Mr. Speaker, during its study, the committee will have to hear from front-line and second-line health care professionals. In many cases, these professionals respond to emergencies when the victims show up, whether they are victims of assaults or car accidents. The situations vary.
We need these front-line workers and police officers to tell us about how they respond to these individuals. We need to hear what it is really like for them, for example, when a mother comes out of her house in tears and clutches them in her arms. You have to know what to do, and you have to ensure that these people have rights and that they get the support they need. I think that is worthwhile.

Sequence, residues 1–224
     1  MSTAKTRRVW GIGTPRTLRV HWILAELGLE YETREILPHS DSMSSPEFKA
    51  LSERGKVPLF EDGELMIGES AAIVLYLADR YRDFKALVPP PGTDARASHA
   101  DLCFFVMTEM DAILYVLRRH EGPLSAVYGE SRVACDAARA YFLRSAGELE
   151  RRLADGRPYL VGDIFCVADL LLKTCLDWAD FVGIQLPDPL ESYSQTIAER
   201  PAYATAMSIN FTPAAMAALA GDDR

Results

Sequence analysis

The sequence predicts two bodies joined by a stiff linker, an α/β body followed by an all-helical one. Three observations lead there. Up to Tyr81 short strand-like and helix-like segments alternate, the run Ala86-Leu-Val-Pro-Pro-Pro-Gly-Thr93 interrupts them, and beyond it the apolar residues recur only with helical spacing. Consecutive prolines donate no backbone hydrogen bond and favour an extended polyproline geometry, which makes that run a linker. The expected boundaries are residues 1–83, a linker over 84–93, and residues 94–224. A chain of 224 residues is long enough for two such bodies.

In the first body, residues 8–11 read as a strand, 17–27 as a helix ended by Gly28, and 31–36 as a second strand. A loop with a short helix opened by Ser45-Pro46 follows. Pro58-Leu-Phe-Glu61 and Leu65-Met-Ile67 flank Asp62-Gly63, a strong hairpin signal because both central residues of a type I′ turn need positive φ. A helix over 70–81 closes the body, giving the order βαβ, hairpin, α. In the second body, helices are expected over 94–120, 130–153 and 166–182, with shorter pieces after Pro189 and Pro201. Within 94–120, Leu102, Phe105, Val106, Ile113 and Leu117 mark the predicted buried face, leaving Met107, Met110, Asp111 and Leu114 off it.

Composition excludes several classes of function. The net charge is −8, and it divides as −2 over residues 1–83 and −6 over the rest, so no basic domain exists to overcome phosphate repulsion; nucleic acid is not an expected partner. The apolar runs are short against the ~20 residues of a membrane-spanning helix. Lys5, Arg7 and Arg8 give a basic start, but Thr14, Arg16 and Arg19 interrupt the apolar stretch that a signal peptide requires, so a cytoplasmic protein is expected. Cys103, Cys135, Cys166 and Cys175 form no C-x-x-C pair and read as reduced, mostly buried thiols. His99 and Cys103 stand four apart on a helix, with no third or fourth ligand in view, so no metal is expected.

I also think it would be worthwhile for the committee to hear from victims, if they feel able to testify. I am thinking in particular of victims whose case did not go to trial, for various reasons that I have already mentioned. Perhaps the person who committed the crime is dead, either because he committed suicide after committing the crime or because he died when the police attempted to arrest him. There are also cases where the person who committed the crime was never found or where the victim was told that their story seemed truthful, but that there was not enough evidence to lay charges.
I would like these people to have an opportunity to share their thoughts and to talk about their experiences so that we can take them into account. We need to ensure that the victims bill of rights applies to all victims and not just those who fit the definitions in a very specific bill.